It was with a small amount of horror I realised that I had not yet written about the Reading Half Marathon despite promising some of my sponsors that I would do so. Here then, rather belatedly, is that report.
On the 22 March I, and over 13,000 other runners, lined up at the start line in Green Park. We were all itching to get away – a combination of nerves and the stink from a nearby sewage works exposed to the otherwise glorious sunshine (or perhaps someone had dodgy bowels). The weather was, for now, cool and dry and ideal for running. I was excited and nervous; months of training and fundraising had led to this moment and I was hoping for a PB. The fundraising took on even more importance as the previous day my wife’s aunt had passed away through cancer only four weeks after my mother-in-law. I was determined to do well for them and my sponsors.
The start was a bit of an anti-climax. We sere set off in waves according to our estimated time. I was in the 2:00 to 2:15 wave despite estimating my time at 1:55 to 2:00. We were set off about 20 minutes after the elite athletes. It was immediately obvious that those around me were either taking it very easy at the start or had underestimated how long 13.1 miles would take for them to run. Either way, I breezed past them and never saw them again. The two-hour pacemaker had set off in the wave in front and I caught up with him after a couple of miles. Thinking that I had overcooked it, I slowed a little and kept pace with him.
The weather remained sunny and there was a huge number of supporters lining the route giving encouragement. At the first big hill (Reading is not as flat as the organisers make out) I overtook the two-hour pace maker and the increasing group of runners running with him. For the rest of the race I could here the crowd saying “Look! There’s the two-hour pacemaker!” I didn’t look round but kept on running.
As well as the crowds, there were a number of excellent bands lining the route. As we ran under the IDR, a percussion band was playing. The beats bouncing off the flyover and nearby buildings seemed to focus on the runners and something very primitive in me responded positively to the rhythm. The town centre was packed with supporters and I got a huge cheer from the Macmillan cheering point but I was running out of spare breath and all I could manage was a cheery wave in acknowledgement. The town centre is only about half way and now the sun was climbing and getting rather warm. Having cursed the vest and shorts while waiting on the start line, I was now glad of them. The side of course was becoming littered with discarded clothing.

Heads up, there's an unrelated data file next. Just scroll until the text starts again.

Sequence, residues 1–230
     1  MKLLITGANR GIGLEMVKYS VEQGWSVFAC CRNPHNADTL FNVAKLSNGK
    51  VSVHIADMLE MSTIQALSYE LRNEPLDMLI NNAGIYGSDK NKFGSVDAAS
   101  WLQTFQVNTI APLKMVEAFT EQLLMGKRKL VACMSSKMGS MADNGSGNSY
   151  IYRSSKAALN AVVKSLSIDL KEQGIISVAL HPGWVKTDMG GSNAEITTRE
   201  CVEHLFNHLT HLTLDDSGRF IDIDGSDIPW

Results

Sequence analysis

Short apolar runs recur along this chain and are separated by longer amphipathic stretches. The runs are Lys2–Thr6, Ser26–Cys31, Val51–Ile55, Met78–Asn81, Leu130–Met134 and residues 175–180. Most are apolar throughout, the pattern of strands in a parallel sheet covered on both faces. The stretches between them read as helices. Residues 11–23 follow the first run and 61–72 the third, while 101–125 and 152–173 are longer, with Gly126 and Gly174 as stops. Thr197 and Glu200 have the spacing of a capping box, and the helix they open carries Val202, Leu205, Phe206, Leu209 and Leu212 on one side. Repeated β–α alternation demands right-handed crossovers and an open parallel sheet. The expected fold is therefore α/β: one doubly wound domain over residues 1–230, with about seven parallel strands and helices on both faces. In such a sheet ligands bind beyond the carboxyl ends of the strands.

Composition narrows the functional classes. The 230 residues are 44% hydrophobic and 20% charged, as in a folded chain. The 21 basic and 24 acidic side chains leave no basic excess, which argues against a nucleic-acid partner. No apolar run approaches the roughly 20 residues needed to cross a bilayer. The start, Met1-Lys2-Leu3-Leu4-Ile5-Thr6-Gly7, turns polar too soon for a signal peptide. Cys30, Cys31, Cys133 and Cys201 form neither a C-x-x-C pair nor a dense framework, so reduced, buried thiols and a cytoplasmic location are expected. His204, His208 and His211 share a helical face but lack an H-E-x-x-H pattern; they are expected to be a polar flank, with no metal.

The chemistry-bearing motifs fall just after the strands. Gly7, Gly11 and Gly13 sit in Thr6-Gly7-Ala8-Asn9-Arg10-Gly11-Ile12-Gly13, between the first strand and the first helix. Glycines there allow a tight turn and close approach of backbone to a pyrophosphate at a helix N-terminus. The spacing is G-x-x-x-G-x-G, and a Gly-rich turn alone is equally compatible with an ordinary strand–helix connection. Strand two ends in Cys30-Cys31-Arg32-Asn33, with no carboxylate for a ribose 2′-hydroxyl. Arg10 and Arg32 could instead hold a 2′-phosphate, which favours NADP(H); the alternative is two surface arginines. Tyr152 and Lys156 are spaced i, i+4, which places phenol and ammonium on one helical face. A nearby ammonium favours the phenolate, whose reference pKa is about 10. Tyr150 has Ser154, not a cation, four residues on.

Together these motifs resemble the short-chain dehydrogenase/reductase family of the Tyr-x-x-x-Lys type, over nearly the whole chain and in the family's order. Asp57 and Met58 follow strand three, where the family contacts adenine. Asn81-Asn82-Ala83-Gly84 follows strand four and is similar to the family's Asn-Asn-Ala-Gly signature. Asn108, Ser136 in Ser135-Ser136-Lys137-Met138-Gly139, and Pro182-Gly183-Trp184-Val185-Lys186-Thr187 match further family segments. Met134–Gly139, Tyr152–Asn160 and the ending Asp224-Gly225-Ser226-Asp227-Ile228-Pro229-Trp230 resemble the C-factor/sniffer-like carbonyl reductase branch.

As we left the town centre we began to climb again. Turning left and up a hill, the pub on the corner was offering beer to the runners, an offer that I politely declined. As we passed the drinks station at Prospect Park I knew that I was OK and was going to make the finish. Not all were so lucky. There were a few runners scattered along the course and we had to move over to allow more than one ambulance through.
The last mile and a bit was a long, straight haul along the A33 dual carriageway back to the Madjeski Stadium. It was now gone noon, hot and with few supporters it took some mental strength to keep the pace up. There were a lot of runners walking by now but the stadium is visible at the end of the straight and it was getting nearer. I was spurred on by the knowledge that the course had changed since I had last run it and went straight into the stadium; two years earlier, it had snaked around for another mile before going in. All of that mile had been added at the start this year.
Soon I was climbing the small hill up to the stadium and making the turn into the stadium itself. The crowd inside was amazing and the roar was deafening. I crossed the line with the clock showing 2:19:10 and stopped my watch. Had I done it? Had I set a new PB and crept in under two hours? I looked at my watch. I had! My new half marathon PB was 1:58:48. I was the 7,119th runner to cross the finish line and 6,753rd by finishing time out of 13,336 finishers (PDF results).
I felt a wave of relief. The training had been worth it and so had the fundraising. In the process of dragging myself around the course and running hundreds of miles in training I had raised £547 for Macmillan Cancer Support. Thank you to all my sponsors for their generous donations.